Spring is almost upon us and as students dream of summer vacations and long lazy days, tensions can run high in tight dorm living spaces. For some, dorm living is a dream come true, with co-ed floors available and hundreds of college age kids in one building. But for others, it resembles more of a concrete cylinder block prison, complete with cameras, opposite sex curfews, and resident assistants that patrol the halls. Individual experiences and opinions of dorm living vary greatly from person to person and fortunately, there are options available for those who dislike it.
One such individual is freshman and Benton Hall resident Preston Hatcher. Hatcher states, “It’s great being so close to class and friends but there are too many rules and it’s tough sharing such a small room with someone.”
This seems to be the complaint of most incoming freshmen but in speaking with Tyler Austin, also a resident of Benton, I learned that all these inconveniences “are just a part of the college experience and it wouldn’t be the same without it. You learn so much about yourself in these tight quarters and it gives you the opportunity to meet and learn about people of different backgrounds.”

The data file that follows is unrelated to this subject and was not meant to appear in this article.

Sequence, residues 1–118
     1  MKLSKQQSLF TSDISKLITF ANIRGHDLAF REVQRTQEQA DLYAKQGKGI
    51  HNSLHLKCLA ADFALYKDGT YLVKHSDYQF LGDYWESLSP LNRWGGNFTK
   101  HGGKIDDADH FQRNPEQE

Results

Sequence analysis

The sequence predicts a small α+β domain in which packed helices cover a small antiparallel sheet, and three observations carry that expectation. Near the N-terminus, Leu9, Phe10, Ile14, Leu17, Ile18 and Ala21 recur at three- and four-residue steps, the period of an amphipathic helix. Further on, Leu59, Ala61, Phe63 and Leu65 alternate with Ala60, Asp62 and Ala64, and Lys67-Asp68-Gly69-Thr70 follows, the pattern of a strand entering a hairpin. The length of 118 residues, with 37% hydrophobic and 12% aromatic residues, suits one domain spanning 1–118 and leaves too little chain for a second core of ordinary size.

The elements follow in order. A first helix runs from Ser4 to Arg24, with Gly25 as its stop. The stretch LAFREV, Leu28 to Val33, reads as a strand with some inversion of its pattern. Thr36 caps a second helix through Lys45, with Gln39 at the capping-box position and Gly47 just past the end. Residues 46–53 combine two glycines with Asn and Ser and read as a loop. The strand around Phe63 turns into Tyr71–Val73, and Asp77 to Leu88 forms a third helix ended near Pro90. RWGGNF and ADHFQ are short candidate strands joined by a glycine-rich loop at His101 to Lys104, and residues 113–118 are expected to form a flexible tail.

Another aspect of dorm living that is new to individuals coming into the university setting are the communal bathrooms. One freshman recalls his first experience in the bathrooms one weekend at Western Carolina.
“I walked in the bathroom to this awful smell… and I saw vomit on the floor left by one of delightful neighbors.”
Such occurrences are not uncommon and can be a nasty reminder of the harsh conditions that are present in the dorms. It requires an impersonal approach to personal hygiene as toilets are often left unsanitary and messes are left for housekeeping.
For most, dorm living seems to be just that, a great place to meet others in an environment unlike any other. It’s not for everyone and it comes with responsibilities, but few regret the time and experiences gained during this period.